Guest post by Rabbi Noam Sendor
Parashat Matot-Mas’ei 5777
What is the meaning of life? It is, of course, forty-two. So states Deep Thought, the computer system in Douglas Adams’ novel “The Hitchhiker’s Guide to the Galaxy” after seven and a half million years of calculation. Adams, when asked why he chose such a number, stated, “I wanted a nice, ordinary number, one that you wouldn’t mind taking home and introducing to your parents.” However, in truth, this number is deeper than it seems, and may just yet reveal the meaning of life.
The book of Bamidbar ends with a recounting of the many travels of the Jewish people in the desert. Fascinatingly enough, there are precisely 42 journeys in the wilderness. The Holy Ba’al Shem Tov teaches that these 42 journeys are also experienced by each individual on their own unique path through life. Rabbi Simon Jacobson explains:
All the 42 journeys are about freeing ourselves and transcending the constraints and limitations (Mitzrayim) of our material existence which conceals the Divine, subduing and sublimating the harsh “wilderness” of selfish existence, and discovering the “Promised Land” – a life of harmony between body and soul.
This idea alone is enough to show us that the number 42 contains profound secrets. We could stop there and say that 42 is the meaning of life as our life’s purpose is to embark upon this journey of transcending the “self” and moving towards expanded consciousness. However, it goes deeper.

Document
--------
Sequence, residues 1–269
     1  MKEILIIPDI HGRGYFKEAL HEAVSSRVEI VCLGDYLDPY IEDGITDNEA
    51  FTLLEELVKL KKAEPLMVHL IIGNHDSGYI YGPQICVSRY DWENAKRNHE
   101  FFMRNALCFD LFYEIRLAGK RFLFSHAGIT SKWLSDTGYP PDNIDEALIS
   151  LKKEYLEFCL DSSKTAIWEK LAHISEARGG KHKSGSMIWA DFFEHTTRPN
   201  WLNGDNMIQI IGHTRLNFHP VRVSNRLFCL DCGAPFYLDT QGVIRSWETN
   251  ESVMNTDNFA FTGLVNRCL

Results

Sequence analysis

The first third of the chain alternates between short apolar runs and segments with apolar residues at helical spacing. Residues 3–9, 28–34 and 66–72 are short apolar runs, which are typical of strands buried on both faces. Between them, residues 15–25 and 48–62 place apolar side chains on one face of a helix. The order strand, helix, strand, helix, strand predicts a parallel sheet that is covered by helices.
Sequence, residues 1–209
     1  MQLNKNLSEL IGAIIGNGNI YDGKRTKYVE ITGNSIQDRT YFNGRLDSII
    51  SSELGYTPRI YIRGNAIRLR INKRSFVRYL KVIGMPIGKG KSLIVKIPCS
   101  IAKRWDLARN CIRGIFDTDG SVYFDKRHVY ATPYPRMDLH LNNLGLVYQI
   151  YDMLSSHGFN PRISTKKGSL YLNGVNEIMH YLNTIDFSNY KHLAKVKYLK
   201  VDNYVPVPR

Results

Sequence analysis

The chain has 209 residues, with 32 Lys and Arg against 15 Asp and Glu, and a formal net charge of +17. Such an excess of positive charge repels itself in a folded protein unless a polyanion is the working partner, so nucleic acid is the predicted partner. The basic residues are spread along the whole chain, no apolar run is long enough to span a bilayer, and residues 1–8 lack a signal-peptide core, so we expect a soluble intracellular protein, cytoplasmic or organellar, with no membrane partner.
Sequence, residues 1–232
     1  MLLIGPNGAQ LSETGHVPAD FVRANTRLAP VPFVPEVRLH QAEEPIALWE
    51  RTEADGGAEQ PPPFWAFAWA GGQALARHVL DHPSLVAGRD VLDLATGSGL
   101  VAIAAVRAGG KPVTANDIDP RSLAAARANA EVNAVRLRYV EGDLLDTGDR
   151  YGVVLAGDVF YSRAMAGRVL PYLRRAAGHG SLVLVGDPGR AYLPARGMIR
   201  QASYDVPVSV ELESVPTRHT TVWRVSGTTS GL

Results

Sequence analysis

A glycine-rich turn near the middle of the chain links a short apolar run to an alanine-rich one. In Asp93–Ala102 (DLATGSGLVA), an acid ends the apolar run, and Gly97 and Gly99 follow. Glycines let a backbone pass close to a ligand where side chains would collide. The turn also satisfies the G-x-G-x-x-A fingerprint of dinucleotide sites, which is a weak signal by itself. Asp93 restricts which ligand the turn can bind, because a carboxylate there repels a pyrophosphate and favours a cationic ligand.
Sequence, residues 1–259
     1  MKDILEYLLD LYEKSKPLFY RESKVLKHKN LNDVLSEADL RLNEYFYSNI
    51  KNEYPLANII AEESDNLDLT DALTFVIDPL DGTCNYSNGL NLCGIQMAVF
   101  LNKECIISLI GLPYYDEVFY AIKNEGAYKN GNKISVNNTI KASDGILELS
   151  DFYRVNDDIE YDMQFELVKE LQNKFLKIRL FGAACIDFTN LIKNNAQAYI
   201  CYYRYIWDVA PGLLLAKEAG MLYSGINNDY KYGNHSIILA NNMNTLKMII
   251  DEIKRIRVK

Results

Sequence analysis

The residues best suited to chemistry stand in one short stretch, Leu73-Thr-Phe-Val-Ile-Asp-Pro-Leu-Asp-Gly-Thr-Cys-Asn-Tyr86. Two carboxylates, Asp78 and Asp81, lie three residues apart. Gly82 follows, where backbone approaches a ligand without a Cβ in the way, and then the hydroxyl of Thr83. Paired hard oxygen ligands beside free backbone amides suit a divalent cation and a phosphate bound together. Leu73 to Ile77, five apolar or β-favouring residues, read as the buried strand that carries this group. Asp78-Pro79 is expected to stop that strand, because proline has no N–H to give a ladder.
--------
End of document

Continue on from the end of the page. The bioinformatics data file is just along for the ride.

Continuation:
Although there is only one God, we have different names for Him which reflect the different ways which He interacts with us. Some of these names we know but some are hidden because of their power. Fascinatingly, one such name is the 42-letter name of God. We allude to this name when we say the prayer “Ana BeKoach” which contains 42 words, however we do not know what it actually is. The Gemara (Kiddushin 71a) states:
“Rav Yehudah said in the name of Rav: The forty-two lettered Name is entrusted only to one who is pious, meek, middle-aged, free from bad temper, sober, and not insistent on his rights. And one who knows it, is heedful thereof, and observes it in purity, is beloved above and popular below, feared by man, and inherits two worlds, this world and the future world.”
Our life’s purpose is to refine ourselves throughout our many journeys and grow spiritually to such an extent that the 42-letter name of God is revealed to us. The meaning of life is to know God through knowing ourselves- 42.
This coming Monday is Rosh Chodesh Av, which ushers in the Nine Days of mourning over the destruction of the Batei Mikdash and the many other calamities which have befallen the Jewish People. One of the many consequences of living in a world without a Holy Temple is that our sensitivity towards spirituality has been deadened. Many of us have become comfortably numb, often with no impetus pushing us to actualise our true selves. These nine days, though they are mournful and sobering by nature, are an opportunity to restructure our priorities. We remove some of our distractions and face the brokenness of the world. This is, however, just a part of the process—an essential encampment along the journey of the year. We do not stay in the brokenness too long—we internalize its call and hopefully pick ourselves up and move towards the next camp, that of rebuilding.
Please God, may we find meaning, inspiration and energy during these next few weeks. May we be courageous enough to strip away distraction so we can see clearly what needs to be fixed. And may we be ever more courageous to blaze our own path forward in healing and harmony, doing our part in the rebuilding of the Beit Hamikdash, something the world needs so very badly, may it happen this year!